The Book That Predicted the Sinking of the Titanic
WHY YOU SHOULD CARE
Because sometimes life imitates art … a little too well.
By Sean Braswell
It was the biggest, grandest vessel to ever sail the ocean. A luxury liner dubbed “unsinkable” when it set sail early one April across the North Atlantic — until it struck an iceberg off Newfoundland and sank to the ocean floor.
But this was not the Titanic; it was the Titan, a fictional ship that sank in the pages of Morgan Robertson’s 1898 novella Futility (later retitled The Wreck of the Titan) — a book published more than a decade before the Titanic’s ill-fated 1912 voyage and almost a century before Kate and Leo embarked on theirs.
After the Titanic disaster, the Titan’s creator was hailed as a clairvoyant …
“She was the largest craft afloat and the greatest of the works of men,” the book begins, describing a vessel bearing an uncanny resemblance to the real-life Titanic. In addition to their names and their manner of sinking, both ships were about the same size — the Titanic measuring just 80 feet longer (at 882.5 feet) — and capable of reaching speeds over 20 knots. They also had the same number of propellers (three) as well as similar numbers of watertight compartments (19 vs. 16) and a tragically inadequate supply of lifeboats (24 vs. 20).
When these similarities were unearthed in the wake of the Titanic disaster, the Titan’s creator was hailed as a clairvoyant. And although Robertson did dabble in the occult, the former sailor was quick to dismiss any paranormal origins to his story, claiming they grew solely from his knowledge of naval trends and shipbuilding. “No,” he responded to his fans. “I know what I’m writing about, that’s all.”
Robertson’s prescience is explained a lot by his biography and his naval background. “He certainly knew his stuff; his father was a sea captain, and he was born in Oswego, New York, on Lake Ontario,” says George DeMass, historian for the town of Oswego and chaplain of the Titanic Historical Society. As a young man, Robertson accompanied his father on voyages and grew to love the sea, later spending a decade as a sailor in the Merchant Marine. Frustrated with the naval inaccuracies in the seafaring stories and novels he read, Robertson set out to be a writer.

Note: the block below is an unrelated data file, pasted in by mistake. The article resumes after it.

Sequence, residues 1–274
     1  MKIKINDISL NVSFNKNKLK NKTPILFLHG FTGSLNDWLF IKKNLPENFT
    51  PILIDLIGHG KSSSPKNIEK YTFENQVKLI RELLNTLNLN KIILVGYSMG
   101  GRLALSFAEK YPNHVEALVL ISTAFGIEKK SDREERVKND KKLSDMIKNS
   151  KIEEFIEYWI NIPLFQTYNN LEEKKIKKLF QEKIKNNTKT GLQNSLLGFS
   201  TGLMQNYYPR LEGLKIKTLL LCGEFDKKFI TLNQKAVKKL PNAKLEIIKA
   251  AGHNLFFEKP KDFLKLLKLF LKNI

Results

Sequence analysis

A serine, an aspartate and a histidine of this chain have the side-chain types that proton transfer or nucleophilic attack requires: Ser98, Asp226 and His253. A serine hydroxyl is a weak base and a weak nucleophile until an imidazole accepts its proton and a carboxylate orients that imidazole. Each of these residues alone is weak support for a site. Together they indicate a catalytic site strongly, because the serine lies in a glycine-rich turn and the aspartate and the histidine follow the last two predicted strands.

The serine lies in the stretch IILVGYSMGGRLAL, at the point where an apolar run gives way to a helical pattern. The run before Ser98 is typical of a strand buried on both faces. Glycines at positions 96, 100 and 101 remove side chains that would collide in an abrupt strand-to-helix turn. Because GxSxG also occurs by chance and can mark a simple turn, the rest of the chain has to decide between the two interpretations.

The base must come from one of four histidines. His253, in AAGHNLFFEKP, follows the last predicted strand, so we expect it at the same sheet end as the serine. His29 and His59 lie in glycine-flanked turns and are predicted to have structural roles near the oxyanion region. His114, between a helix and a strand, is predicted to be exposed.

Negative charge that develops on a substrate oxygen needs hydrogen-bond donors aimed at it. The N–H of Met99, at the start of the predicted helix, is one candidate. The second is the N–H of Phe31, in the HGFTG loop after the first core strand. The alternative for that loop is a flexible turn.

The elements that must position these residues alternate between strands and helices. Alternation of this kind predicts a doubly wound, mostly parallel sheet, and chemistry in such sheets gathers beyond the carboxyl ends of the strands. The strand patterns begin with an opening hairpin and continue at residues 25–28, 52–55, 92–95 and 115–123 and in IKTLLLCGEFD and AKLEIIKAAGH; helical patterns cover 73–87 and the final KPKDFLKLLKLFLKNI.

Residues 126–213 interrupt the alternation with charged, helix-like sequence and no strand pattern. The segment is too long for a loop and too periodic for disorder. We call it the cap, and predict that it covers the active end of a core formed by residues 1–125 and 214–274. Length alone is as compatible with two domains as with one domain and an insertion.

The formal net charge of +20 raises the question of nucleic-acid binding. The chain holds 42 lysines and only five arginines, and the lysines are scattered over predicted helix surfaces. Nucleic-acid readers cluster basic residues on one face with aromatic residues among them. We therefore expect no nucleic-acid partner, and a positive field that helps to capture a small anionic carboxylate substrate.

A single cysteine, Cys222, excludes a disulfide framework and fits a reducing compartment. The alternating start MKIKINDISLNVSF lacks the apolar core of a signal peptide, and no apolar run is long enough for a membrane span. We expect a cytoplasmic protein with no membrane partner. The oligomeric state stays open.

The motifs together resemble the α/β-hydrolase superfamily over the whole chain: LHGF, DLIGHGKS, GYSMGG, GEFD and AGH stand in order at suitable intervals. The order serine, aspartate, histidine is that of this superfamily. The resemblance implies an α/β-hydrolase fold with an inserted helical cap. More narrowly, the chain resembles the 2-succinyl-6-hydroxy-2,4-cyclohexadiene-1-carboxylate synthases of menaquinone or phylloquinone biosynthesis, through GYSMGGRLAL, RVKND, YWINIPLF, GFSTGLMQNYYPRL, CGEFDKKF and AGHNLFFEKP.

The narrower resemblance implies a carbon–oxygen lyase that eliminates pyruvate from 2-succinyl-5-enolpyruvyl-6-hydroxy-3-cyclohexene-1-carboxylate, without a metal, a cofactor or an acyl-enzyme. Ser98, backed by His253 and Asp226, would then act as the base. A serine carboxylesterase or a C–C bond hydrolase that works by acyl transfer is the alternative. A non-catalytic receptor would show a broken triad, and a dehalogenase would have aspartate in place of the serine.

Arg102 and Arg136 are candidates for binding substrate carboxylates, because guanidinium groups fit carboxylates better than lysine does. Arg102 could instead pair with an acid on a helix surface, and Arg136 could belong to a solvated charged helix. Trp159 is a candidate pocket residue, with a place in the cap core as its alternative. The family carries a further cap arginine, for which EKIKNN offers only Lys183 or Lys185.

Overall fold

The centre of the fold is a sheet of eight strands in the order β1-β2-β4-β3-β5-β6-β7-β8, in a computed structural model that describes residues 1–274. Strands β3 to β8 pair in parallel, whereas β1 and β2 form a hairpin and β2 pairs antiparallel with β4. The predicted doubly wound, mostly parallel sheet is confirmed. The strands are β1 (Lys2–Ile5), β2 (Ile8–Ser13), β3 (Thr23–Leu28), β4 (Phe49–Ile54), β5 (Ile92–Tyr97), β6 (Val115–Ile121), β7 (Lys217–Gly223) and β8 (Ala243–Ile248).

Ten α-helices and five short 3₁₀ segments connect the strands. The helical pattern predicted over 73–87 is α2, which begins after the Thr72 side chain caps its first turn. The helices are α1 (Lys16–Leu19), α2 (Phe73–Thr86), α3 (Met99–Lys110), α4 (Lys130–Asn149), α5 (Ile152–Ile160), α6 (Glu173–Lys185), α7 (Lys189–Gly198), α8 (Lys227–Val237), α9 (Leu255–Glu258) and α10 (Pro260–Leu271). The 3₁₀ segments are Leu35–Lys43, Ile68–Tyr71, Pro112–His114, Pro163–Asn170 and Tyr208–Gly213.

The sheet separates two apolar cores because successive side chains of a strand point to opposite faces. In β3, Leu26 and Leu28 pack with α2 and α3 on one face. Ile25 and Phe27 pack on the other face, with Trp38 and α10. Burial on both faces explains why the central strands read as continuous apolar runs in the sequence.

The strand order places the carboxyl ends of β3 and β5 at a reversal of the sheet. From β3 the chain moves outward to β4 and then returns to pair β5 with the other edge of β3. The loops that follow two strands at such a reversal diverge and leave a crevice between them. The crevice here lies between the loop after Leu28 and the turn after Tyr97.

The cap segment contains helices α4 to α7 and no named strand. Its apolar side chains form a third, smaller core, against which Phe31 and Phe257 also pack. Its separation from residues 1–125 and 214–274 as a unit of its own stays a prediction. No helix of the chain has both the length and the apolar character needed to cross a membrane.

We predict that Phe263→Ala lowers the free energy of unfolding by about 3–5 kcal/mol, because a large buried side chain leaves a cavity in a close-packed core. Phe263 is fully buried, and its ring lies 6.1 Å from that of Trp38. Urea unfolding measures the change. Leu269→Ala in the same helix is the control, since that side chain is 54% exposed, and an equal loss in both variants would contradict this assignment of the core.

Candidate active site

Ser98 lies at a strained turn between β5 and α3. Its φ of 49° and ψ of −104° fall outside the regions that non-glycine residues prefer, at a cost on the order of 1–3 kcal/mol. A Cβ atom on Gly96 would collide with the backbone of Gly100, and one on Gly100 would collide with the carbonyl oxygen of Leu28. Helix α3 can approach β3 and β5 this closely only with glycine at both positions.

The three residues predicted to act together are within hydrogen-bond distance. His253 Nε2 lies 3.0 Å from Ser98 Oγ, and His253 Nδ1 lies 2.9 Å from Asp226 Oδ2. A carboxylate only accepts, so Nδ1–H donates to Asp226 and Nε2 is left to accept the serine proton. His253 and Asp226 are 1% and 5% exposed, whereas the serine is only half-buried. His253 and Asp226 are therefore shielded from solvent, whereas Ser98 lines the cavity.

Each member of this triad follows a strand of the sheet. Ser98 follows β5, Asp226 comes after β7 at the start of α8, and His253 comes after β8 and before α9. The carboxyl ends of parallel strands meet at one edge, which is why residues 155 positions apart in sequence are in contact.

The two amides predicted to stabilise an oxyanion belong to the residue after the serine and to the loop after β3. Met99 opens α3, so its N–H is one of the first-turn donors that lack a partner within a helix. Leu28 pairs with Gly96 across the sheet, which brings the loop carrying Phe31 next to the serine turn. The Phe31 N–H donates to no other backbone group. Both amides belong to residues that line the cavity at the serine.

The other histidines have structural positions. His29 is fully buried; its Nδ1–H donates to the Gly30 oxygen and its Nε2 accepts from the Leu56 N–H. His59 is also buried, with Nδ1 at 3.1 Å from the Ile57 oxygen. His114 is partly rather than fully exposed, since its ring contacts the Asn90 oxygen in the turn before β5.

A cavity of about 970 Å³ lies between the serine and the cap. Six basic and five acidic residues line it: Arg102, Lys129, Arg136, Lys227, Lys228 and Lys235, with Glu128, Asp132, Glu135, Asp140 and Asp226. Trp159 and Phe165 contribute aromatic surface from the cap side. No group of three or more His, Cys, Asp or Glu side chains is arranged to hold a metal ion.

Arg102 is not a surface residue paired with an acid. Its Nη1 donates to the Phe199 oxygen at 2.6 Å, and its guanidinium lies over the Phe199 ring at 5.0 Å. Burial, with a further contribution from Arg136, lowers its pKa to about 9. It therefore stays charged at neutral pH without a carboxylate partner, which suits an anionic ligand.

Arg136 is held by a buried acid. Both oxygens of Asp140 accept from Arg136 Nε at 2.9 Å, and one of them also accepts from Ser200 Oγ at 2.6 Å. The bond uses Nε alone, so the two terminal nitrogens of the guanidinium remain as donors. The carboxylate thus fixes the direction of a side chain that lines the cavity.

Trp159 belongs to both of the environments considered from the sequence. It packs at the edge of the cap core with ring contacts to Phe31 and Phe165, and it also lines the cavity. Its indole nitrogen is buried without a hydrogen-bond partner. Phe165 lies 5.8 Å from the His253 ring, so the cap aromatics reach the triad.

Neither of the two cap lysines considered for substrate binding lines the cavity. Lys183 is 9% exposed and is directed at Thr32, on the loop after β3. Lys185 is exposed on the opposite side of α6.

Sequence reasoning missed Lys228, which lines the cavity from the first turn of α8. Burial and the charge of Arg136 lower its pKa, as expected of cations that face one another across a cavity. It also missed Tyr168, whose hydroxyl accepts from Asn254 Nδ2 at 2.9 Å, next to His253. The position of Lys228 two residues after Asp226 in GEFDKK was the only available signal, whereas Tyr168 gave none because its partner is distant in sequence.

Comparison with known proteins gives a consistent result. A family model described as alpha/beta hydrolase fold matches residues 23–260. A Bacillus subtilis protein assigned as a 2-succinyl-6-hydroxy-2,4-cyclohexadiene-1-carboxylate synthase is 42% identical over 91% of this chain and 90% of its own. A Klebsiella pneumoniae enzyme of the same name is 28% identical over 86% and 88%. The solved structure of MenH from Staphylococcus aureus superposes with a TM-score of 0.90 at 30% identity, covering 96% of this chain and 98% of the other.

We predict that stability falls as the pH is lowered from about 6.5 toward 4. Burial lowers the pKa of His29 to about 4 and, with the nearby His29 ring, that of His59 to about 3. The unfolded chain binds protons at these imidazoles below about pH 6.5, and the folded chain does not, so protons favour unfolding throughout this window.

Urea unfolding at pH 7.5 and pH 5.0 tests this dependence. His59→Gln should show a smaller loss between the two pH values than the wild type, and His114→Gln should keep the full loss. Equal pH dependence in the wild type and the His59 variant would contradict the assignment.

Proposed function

Futility has a pulp fiction pace and little character development, but it would be hard to beat its detailed and vivid descriptions of ship construction and life aboard a large vessel. “In short, she was a floating city,” Robertson writes of the Titan, “containing within her steel walls … all that makes life enjoyable.”
Still, there were plenty of differences between the Titanic and the Titan, which hit an iceberg head-on while sailing toward England, leaving only 13 survivors, including the book’s hero, a recovering alcoholic naval officer who winds up fighting off a polar bear Revenant-style on the iceberg (seriously). And Futility was not the only story to prefigure a large-scale passenger ship disaster. For example, the British journalist W.T. Stead penned the even earlier story, “The Sinking of a Modern Liner” (1886), which also involves a New York–bound liner equipped with too few lifeboats that sinks after a collision. And in the most bizarre twist of all, Stead was aboard the actual Titanic and perished in the icy waters when it sank.
Alas, neither Futility nor Robertson was particularly popular at the time; a disaster novella did not suit an age in which Americans had grown fond of sexy, optimistic Jules Verne–esque aquatic adventures. Futility was out of print by the time of the Titanic disaster, when it was resurrected by opportunistic publishers, cashing in on its incredible foresight. But Robertson saw little of that money, and despite a prolific career consisting of over 200 short stories and 14 books, he ended up somewhat destitute. “I go to these libraries for books because I have not enough money to buy one,” the author lamented in an article in The Saturday Evening Post. “I am broke! I am the rolling stone that gathered no moss.”
Robertson was also an eccentric, one who claimed he had invented the periscope and who lived in a New York apartment resembling a sea cabin. But he had a keen intuition for social and technological trends. Like Futility, his story “Beyond the Spectrum,” published just before he died in 1915, tells another remarkably farsighted naval tale. The subject? A war between Japan and the United States sparked by a surprise Japanese attack on U.S. ships.